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Tracking a silent killer

ASU professor receives major award for work in heat mitigation

ASU professor Ariane Middel has received an NSF CAREER award for her research in the field of urban climate.

ASU Professor Ariane Middel has received an NSF CAREER award for her research in the field of urban climate.

April 16, 2020

Ariane Middel is from a small village in western Germany where the weather is generally cold and rainy. When she moved to Phoenix in 2009 to do her postdoc at Arizona State University, her original focus was on water modeling research.

“Most things you’d do to increase people’s comfort in the desert involve water,” Middel said. “Water is tightly connected with temperature and people’s comfort.”

But once Middel spent some time in Phoenix, she realized that she was more interested in the climate and in heat, and she switched her focus to a field called “urban climate.”

“As we build cities, we bring in all these artificial materials such as asphalt and concrete,” Middel explained. “And as we change those surfaces, we change the thermal property of the city, and that has an impact on our local climate.”

Now Middel, an assistant professor in the School of Arts, Media and Engineering and in the School of Computing, Informatics and Decision Systems Engineering, has been awarded an NSF CAREER award to further pursue her research in the SHaDE lab, which looks at heat from a human perspective.

The panel that reviewed her work particularly valued Middel’s integration of research and education, with K–12 outreach and a special focus on attracting women to STEM fields, and the academia-practitioner partnerships she is building with cities in the Valley.

“The proposed research will help us understand how people experience heat by including other atmospheric variables, such as mean radiant temperature (MRT),” Middel said. “MRT represents the heat load on a human body and varies significantly if somebody is standing in the shade or sun. We will use an innovative mobile sensor platform called “MaRTy” to measures how people experience heat in Phoenix and Los Angeles.”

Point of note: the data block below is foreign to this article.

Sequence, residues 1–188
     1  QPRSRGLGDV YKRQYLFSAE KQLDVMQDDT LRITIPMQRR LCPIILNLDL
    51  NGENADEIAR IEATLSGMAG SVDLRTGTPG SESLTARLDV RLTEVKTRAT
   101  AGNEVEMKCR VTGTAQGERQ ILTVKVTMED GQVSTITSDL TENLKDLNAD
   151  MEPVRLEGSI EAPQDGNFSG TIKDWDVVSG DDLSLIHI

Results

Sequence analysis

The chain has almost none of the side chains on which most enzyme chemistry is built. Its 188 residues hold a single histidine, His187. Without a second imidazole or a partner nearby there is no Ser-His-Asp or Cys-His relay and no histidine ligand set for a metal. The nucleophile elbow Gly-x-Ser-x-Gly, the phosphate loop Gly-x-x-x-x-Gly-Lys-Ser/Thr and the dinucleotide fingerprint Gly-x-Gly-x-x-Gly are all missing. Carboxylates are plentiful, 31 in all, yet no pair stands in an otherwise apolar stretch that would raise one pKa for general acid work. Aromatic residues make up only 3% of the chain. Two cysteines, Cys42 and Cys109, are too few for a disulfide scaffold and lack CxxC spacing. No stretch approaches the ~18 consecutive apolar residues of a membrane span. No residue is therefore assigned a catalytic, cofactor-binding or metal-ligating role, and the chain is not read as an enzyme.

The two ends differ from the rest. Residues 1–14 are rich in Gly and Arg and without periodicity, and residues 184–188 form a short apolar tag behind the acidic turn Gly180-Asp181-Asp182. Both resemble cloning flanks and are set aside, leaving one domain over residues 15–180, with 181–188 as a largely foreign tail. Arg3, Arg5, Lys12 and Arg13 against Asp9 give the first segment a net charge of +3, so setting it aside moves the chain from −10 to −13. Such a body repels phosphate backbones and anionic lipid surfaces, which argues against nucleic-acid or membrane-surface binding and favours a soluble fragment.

heat-sensing robot

MaRTy, a mobile heat-sensor.

“MaRTy is a fairly expensive setup,” Middel added. “It’s a $20,000 cart. As part of this project, we’re trying to build some low-cost versions of this cart that we call MaRTiny. These tiny versions of the MaRTy will be more like $120. Very affordable.”

"Professor Middel's research has been nationally and internationally recognized for increasing our understanding of urban climates,” said Pavan Turaga, interim director of the School of Arts, Media and Engineering. “The knowledge she has generated is of great value to policymakers and urban planners. Specifically, the work will result in new planning recommendations for the next generation of livable cities, with special emphasis on modulating and mitigating the human experience of heat. Her work is already being deployed in Phoenix and Los Angeles as well in cities across the world, such as Kolkata and Tokyo. In the longer term, her work will influence lives in urban centers across the world, many of which are grappling with the effects of thermal extremes."

It was after Middel moved to Phoenix, she said, that she understood heat as an invisible hazard that urban desert dwellers have to live with.

“Heat is the No. 1 weather-related killer in the U.S. It’s not like an earthquake or a flood or something disastrous that comes in and kills people. It’s this silent killer. There are a lot of people who are not going to be fine (in the heat) because they can’t afford to run AC. For those people, it’s really important to investigate how urban form and design can be used to mitigate heat.”

Middel says the city of Tempe, among others, has been an active collaborator in assessing parks and other public areas. Her hope is that the cities can use the findings from her research to inform their design guidelines for the amount of shade a path or a playground should have.

“I am very excited about this project,” Middel said, “because it can actually lead to change in our communities. I really hope that outcomes of this project will not just collect dust on a shelf but will lead to actionable best practices for urban infrastructure management and human-centric heat hazard mitigation.”

Middel credits ASU with offering her “a vibrant research and education space” in the School of Arts, Media and Engineering, a collaboration between the Herberger Institute for Design and the Arts and the Ira A. Fulton Schools of Engineering.

“It’s this place where boundaries between traditional domains disappear,” she said, “a transdisciplinary melting pot for innovation right in the center of engineering and the arts.”

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